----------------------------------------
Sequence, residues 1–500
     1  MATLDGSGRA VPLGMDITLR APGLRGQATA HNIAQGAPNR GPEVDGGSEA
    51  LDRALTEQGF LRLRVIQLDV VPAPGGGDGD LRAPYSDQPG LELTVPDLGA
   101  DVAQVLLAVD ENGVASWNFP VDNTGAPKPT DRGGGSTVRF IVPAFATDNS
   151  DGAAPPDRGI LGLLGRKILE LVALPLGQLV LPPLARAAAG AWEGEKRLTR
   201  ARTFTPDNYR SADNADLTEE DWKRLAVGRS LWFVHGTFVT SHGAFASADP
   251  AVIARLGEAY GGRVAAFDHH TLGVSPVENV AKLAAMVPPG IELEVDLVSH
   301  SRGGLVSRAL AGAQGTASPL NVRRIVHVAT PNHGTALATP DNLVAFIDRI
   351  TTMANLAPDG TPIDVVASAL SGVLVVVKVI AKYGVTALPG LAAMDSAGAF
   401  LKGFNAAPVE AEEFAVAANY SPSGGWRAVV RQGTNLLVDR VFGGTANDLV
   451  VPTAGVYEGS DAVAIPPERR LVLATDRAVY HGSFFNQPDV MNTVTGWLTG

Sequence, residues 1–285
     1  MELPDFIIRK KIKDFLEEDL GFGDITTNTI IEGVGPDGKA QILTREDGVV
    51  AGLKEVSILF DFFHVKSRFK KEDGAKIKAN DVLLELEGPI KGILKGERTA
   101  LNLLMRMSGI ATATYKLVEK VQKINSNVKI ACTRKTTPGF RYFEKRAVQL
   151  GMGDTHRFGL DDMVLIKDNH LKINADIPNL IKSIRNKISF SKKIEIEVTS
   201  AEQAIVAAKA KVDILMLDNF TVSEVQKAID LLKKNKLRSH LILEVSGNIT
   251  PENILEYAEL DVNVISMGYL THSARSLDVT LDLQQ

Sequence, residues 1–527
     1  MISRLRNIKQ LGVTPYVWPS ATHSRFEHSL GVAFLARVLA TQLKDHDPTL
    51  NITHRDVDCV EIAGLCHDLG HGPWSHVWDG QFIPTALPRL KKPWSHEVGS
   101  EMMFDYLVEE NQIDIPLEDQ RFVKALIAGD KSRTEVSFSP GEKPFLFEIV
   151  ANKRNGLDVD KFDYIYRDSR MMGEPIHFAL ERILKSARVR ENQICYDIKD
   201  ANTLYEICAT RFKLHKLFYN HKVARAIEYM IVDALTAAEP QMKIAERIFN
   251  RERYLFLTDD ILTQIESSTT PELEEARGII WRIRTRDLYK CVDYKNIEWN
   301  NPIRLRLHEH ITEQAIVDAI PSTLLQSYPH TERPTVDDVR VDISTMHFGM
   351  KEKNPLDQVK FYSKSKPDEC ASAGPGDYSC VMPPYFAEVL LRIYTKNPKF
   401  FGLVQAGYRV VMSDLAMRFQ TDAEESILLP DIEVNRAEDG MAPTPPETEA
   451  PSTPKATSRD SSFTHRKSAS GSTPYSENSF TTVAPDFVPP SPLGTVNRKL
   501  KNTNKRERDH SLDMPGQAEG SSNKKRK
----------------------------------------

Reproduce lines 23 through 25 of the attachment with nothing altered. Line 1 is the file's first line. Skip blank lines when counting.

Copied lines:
   151  ANKRNGLDVD KFDYIYRDSR MMGEPIHFAL ERILKSARVR ENQICYDIKD
   201  ANTLYEICAT RFKLHKLFYN HKVARAIEYM IVDALTAAEP QMKIAERIFN
   251  RERYLFLTDD ILTQIESSTT PELEEARGII WRIRTRDLYK CVDYKNIEWN